The main goal of the present scoping review was to preliminarily examine the health-related, translational potential of outdoor water sport activities on outcome measures relating to quality of life, mobility, gait and overall functioning, balance, fitness and cardiorespiratory performance, muscle strength, hematic determinations, and psychosocial functioning in people with chronic diseases. Additionally, by means of a scoping review we aimed at assessing the potential size, scope and quality of the available literature on the topic as well as identifying directions for upcoming research.

Overall, this review revealed that the majority of the relatively few studies that could be here included portray outdoor water sport activities as highly enjoyable and potentially useful to attain health benefits in populations with chronic diseases. According to these reports, positive effects seem to involve not only the functional and physiological domains, but also the social and psychological wellbeing and, consequently, the participants’ quality of life.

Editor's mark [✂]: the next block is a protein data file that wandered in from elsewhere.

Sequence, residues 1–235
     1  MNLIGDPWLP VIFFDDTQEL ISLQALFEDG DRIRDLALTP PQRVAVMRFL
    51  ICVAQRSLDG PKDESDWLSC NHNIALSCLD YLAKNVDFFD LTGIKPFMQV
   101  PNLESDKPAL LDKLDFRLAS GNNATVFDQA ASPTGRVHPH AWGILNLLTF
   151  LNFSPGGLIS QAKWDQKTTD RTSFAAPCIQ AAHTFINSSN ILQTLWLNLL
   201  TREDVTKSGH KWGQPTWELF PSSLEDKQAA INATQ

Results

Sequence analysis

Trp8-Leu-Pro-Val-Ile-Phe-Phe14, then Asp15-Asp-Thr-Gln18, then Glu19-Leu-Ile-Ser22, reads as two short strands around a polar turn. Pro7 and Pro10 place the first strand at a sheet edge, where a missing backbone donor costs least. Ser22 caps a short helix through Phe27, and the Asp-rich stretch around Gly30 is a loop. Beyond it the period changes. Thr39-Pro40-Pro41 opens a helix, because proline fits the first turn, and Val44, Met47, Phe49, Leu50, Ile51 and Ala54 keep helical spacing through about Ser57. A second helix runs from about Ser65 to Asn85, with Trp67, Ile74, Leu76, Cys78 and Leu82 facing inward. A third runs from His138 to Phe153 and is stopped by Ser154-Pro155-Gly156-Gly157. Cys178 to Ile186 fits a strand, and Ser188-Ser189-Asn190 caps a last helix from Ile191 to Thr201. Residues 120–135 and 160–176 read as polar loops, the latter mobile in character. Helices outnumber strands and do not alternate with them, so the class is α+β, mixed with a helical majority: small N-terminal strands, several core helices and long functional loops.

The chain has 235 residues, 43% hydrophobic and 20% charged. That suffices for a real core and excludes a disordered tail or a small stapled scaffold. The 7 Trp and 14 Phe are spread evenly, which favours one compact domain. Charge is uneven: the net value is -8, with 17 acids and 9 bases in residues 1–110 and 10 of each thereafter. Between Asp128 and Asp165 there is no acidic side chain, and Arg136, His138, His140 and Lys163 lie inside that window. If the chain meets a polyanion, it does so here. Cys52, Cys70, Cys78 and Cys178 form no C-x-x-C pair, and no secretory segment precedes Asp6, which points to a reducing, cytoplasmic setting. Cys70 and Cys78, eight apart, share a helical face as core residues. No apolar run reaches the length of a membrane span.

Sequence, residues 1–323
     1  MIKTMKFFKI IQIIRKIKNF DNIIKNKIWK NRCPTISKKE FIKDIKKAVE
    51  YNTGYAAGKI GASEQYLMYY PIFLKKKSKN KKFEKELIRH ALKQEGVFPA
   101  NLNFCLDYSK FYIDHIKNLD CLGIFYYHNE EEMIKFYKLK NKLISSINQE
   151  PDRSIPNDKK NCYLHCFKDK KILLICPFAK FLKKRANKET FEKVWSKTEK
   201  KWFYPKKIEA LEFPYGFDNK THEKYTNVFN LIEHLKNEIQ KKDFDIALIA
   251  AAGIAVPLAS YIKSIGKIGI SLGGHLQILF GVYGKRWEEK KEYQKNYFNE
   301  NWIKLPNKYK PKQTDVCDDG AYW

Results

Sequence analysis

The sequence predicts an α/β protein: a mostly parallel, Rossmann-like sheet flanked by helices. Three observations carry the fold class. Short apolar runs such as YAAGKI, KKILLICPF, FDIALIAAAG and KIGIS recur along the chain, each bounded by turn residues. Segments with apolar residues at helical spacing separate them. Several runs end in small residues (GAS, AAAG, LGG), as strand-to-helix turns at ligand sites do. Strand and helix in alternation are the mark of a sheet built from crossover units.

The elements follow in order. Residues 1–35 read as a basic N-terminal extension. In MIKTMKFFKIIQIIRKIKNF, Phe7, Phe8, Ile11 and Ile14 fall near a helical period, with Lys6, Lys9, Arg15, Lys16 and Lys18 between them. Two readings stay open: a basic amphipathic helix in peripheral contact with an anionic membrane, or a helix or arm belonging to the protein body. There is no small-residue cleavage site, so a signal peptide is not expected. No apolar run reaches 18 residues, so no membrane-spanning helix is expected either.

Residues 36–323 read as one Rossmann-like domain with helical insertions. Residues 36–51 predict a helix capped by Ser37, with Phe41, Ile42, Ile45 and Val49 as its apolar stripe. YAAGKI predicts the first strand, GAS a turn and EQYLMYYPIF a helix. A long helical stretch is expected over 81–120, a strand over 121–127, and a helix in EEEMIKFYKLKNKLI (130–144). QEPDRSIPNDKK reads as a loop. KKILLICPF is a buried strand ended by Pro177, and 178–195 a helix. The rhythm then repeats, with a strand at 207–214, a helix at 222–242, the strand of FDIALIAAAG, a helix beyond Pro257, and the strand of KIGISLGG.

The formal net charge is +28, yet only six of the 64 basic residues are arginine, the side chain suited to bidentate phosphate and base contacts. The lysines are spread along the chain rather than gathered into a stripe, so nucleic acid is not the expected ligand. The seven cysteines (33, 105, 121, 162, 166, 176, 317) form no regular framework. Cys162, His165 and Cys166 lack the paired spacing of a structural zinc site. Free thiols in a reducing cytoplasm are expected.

That being said, the body of knowledge accumulated so far on the topic is too limited in its width, reach and methodological robustness to draw substantial inference on the utility of outdoor water sports in a translational perspective. Of the initial set of potentially eligible articles (n = 84), most of them were excluded due to the absence of a comparison group and/or the absence of validated and quantitative outcome measures (n = 60 studies). Only one third of the included studies (5 out of 15) had a RCT design, which heavily limits our ability to draw causal inferences on the effectiveness of the interventions tested in the individual studies. While this weakness seems to apply to the range of water-based interventions here reviewed, this may not be the case for dragon boat training, which has been investigated more frequently (8 studies out of 15), particularly in BC survivors. In this specific population, the findings seem to match among the different investigations, generally pointing toward beneficial effect of this activity, even though also for this activity more robust research is warranted.